Having a mental illness is a stressful experience, no doubt, but what many may not even consider is the difficulty in receiving help. As someone who lives with your mental illness on a daily basis, you are clearly the one who knows it best — yet you can’t, and shouldn’t, prescribe a treatment for your own mental illness. This task is left to a psychiatrist, who, although they are an expert, can only gain information about your particular problems through your descriptions.
This can make the experience of getting help even more stressful, but it doesn’t have to. You should regard yourself as the expert on your own mental state, but you should regard your psychiatrist as a wealth of knowledge on how to improve it. For this reason, you should never hesitate to ask questions — and to get you more accustomed to this process, we’ve compiled a list of questions that you should consider asking the first time you see your psychiatrist.
It’s important to know just how your medicine will affect you, and this includes side effects as well as its main treatment power since they both have the potential to affect your quality of life. Most antidepressants tend to cause dizziness and stomach problems, as well as possibly decreasing your sex drive. Many other medicines might cause sluggishness and fatigue.
Plus, some medicines may cause more major, long-term side effects, such as increased risk of physical illness. Ask your psychiatrist about both short-term and long-term side effects, and if you’re not comfortable with the answer, you might want to consider asking the next question as well.
You should always ask your psychiatrist to give you all your options so that you yourself, as the expert on your own mental state and desired quality of life, can weigh the pros and cons of each treatment. You may favor a more holistic approach, using treatments such as meditation, plant-based supplements, or even acupuncture — though these may not always be a substitute for medication. TMS therapy, for example, is a non-drug treatment that has been FDA approved for addressing depression symptoms and has been shown to be effective even in those with treatment-resistant depression, making it an ideal alternative to pharmaceutical treatment. You can also consider different types of medicine that your psychiatrist can helpfully outline for you.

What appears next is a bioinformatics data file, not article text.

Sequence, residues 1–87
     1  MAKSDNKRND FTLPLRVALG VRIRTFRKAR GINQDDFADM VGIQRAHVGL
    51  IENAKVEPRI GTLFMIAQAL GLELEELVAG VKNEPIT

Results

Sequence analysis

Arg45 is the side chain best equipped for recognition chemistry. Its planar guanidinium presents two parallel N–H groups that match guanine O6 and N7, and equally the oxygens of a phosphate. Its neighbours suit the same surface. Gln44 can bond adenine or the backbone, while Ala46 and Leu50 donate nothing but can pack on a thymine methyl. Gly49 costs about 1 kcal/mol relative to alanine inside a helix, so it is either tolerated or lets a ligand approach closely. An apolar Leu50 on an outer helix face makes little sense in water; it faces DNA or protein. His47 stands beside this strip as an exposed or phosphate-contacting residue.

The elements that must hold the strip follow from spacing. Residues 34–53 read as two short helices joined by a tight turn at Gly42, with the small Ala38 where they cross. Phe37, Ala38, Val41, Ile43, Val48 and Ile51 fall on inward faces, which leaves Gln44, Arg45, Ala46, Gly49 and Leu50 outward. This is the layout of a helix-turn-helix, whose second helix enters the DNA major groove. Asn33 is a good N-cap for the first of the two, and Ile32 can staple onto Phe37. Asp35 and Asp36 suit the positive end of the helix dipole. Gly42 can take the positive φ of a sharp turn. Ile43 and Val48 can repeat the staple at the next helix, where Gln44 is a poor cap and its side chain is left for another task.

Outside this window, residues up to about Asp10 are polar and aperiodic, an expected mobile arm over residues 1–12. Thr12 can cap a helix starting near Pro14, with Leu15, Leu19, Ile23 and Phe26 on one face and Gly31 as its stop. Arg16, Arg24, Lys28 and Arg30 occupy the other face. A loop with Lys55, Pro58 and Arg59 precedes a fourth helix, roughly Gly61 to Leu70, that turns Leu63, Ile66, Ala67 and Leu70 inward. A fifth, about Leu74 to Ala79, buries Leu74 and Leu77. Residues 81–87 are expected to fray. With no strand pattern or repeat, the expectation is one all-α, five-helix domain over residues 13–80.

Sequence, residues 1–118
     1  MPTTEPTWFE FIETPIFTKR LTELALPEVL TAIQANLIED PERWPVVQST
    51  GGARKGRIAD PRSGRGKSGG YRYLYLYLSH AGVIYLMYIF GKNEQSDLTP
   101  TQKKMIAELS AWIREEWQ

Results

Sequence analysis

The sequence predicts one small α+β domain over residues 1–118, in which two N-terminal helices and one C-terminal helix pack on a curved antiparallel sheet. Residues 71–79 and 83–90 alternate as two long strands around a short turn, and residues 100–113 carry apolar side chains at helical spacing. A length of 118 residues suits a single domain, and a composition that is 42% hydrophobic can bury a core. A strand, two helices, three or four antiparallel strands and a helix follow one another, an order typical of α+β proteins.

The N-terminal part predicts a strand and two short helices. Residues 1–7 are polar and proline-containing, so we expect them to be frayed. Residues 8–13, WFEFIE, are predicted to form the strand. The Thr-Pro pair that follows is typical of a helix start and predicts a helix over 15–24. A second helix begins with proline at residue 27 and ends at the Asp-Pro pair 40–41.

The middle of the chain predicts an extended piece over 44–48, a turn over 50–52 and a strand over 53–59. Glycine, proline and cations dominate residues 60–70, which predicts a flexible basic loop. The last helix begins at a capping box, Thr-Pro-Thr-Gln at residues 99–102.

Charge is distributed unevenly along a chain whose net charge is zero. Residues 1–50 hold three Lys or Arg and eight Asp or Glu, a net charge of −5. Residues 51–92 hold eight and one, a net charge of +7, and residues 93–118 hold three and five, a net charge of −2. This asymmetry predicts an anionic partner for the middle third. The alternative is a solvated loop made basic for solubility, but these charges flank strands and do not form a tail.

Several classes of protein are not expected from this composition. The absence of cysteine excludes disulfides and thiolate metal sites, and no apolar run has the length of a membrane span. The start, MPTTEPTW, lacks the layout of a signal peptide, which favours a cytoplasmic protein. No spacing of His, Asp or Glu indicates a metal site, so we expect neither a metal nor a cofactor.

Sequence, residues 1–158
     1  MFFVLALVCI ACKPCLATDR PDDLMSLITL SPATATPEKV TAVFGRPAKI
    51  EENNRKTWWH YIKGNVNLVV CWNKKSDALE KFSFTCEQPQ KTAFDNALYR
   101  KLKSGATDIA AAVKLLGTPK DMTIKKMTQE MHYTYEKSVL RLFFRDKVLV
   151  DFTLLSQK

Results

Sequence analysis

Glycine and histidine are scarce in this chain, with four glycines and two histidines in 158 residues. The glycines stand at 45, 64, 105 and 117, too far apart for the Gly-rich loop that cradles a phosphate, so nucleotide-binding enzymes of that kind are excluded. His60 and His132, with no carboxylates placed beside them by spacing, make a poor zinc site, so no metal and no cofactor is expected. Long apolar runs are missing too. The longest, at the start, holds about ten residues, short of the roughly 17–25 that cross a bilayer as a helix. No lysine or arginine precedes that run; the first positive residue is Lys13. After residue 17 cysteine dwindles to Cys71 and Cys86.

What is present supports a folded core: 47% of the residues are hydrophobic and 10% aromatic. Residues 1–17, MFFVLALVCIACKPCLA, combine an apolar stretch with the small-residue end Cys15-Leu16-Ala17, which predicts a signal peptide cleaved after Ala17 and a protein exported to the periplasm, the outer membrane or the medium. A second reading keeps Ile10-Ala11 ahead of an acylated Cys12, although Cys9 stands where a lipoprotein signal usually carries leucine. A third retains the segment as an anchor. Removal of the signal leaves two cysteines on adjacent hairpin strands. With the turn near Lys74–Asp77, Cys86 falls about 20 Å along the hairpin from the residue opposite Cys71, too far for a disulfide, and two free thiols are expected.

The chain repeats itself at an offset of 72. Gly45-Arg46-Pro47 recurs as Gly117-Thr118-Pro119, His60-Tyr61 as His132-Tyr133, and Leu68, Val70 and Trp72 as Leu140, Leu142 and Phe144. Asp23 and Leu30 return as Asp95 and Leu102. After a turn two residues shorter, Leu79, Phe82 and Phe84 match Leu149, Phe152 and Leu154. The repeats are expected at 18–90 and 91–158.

If you try a medicine and decide that it isn’t right for you — which is a definite possibility — you will want to know how stopping the treatment will affect you. Even if the answer is yes, it will cause dependency, this usually shouldn’t be regarded as a reason not to try the medicine. With proper monitoring and management of withdrawal symptoms, dependency can be dealt with somewhat easily.
Just like you experience withdrawal when trying to get off a medication, some treatments may cause you to have withdrawal symptoms if you happen to miss a dose. This is something that you should consider if you have a particularly hectic schedule, or have had trouble sticking to treatments in the past. This may not be a problem if your medicine, like most anti-anxiety treatments, is taken based on need.
It’s important to note that mental health medication is far from perfect, and often it does take some time to kick in. Usually, it can take a few weeks for effects to start cropping up, but sometimes it takes even longer — up to twelve weeks. If your treatment is not working within three months, contact your psychiatrist. Though you may want your treatment to be immediate, that’s just not how it works, which is why it’s important to see a professional about your mental health issues as soon as possible.
Like all fields of medicine, psychiatry is by no means a perfect science — it may take a good long time for you to find a medicine that suits your needs. Remember throughout that process that you know yourself — if something doesn’t feel right to you, be sure to tell your psychiatrist, and never hesitate to ask questions.